‘Kalendergeschichten’ have a long and varied history in German literature. Their origins lie in the seventeenth century when they first appeared in almanacs and other types of calendar. Similar in form to short parables, they were written in plain, often colloquial language, with content that was intended to instruct and amuse.
Apart from the Bible, almanacs were the main or only books in many households at the time, serving as compendia of knowledge, with calendar stories featured alongside tables and texts on husbandry and the weather. By the nineteenth century the genre was no longer tied to the almanac, and calendar stories gained credibility as literary works. One writer in particular – Johann Peter Hebel – is associated with this change. The tales of his ‘Schatzkästlein’ are masterpieces of compression, sometimes no more than a paragraph in length. You can read a selection in English under the title The Treasure Chest.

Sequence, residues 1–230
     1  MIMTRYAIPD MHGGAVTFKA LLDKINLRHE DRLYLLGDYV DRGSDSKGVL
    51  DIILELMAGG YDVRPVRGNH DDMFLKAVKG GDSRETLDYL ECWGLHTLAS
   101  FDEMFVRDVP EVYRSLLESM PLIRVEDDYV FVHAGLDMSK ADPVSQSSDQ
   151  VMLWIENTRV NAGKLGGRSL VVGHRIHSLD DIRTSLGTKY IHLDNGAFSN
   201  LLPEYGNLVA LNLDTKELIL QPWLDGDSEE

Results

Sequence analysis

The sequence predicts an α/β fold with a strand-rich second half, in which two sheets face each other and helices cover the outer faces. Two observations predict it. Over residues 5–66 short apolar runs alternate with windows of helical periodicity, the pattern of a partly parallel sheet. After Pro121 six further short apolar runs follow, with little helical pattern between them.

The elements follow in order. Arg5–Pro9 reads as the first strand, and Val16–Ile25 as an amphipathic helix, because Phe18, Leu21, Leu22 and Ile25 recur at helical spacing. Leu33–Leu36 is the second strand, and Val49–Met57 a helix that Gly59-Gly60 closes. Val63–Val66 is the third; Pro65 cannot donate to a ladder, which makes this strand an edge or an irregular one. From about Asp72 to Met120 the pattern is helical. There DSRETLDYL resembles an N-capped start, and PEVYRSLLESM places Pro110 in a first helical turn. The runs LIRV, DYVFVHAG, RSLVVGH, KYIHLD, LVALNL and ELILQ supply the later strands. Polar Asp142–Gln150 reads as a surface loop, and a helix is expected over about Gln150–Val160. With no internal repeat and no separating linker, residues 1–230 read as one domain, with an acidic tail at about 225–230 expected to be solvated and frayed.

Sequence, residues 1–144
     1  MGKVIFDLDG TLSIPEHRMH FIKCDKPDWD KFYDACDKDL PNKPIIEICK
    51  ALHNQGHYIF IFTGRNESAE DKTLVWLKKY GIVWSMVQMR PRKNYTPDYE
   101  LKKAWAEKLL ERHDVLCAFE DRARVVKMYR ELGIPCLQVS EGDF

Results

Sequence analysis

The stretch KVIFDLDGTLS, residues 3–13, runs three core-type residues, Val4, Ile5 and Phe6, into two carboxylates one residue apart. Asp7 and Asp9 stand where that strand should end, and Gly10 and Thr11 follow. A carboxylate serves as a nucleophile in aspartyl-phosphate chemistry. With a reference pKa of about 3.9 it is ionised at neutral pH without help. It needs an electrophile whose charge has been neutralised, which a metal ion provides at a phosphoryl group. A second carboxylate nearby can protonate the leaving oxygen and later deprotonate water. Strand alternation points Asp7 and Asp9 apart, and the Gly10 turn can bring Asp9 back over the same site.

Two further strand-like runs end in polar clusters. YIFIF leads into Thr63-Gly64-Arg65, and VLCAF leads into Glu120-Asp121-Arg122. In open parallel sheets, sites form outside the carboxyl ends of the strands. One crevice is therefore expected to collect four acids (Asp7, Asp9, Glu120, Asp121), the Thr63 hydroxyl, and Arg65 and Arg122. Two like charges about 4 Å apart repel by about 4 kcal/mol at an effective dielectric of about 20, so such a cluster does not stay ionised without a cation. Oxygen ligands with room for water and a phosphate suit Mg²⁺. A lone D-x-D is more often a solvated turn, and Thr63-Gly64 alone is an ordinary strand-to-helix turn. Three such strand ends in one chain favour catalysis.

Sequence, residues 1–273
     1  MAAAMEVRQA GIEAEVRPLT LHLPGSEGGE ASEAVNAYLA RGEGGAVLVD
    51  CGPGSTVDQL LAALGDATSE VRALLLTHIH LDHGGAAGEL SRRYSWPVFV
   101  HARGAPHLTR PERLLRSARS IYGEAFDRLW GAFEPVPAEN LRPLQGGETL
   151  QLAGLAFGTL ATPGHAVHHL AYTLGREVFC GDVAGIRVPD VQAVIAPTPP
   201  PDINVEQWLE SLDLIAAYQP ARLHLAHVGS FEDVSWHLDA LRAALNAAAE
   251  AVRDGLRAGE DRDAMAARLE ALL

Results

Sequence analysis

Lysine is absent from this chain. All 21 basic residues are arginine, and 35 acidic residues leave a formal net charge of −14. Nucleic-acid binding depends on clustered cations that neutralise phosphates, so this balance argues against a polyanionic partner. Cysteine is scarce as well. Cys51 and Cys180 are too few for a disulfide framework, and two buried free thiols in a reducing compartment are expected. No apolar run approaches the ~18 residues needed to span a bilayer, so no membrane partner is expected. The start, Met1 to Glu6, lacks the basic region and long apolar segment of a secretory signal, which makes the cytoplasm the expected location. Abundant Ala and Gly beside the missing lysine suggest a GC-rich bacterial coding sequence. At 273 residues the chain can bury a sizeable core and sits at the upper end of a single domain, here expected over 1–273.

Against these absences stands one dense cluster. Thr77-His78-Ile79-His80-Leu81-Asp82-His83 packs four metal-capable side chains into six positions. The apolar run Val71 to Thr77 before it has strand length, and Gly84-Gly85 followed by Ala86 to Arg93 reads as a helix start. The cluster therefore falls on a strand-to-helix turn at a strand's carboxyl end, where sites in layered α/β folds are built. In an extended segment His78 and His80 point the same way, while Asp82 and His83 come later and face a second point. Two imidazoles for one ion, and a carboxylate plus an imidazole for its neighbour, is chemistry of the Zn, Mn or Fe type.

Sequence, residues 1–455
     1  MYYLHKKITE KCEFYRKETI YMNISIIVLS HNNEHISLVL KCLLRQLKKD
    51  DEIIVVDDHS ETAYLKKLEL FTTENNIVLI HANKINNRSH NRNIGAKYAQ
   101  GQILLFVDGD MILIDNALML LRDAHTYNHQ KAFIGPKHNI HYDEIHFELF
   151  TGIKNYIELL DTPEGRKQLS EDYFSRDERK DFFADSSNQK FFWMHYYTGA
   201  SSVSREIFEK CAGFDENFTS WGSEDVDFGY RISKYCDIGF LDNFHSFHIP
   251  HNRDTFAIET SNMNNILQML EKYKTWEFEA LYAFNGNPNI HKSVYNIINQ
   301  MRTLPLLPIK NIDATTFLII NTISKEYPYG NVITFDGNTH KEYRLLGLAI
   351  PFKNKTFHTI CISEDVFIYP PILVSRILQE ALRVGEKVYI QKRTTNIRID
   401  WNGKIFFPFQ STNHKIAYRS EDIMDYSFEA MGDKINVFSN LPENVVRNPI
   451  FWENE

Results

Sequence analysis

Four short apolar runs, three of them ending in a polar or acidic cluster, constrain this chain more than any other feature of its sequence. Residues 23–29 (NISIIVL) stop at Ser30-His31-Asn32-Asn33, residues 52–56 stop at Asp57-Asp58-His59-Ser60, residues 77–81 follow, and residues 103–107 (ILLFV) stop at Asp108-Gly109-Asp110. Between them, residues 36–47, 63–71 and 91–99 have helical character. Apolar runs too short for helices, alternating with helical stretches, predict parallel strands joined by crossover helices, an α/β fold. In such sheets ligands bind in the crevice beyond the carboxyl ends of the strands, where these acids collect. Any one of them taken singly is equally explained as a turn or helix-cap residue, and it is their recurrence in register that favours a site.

Of course, the old tradition of pairing pithy texts and anecdotes with days of the year continues in wall planners, desk calendars and diaries of all kinds. In the spirit of literary calendars as well as calendar stories, we will be offering our own set of regular reading recommendations over the coming year. Our focus is on books that have travelled between German and English and we will be looking back at some NZ-German literary connections as well as forwards to new works.
Text: Sally-Ann Spencer
Copyright: Goethe-Institut New Zealand, 2016
Catherine Chidgey: The Wish Child
Catherine Chidgey’s acclaimed debut ‘In a Fishbone Church’ was set in New Zealand and Berlin. Now she returns to an earlier era of German history in a finely crafted new novel…
Gregor Hens: Nicotine / Nikotin
Gregor Hens’s exploration of addiction first appeared in English as an extract in the New Zealand literary journal Sport. Now you can read about his adventures in smoking from the very first cigarette to withdrawal...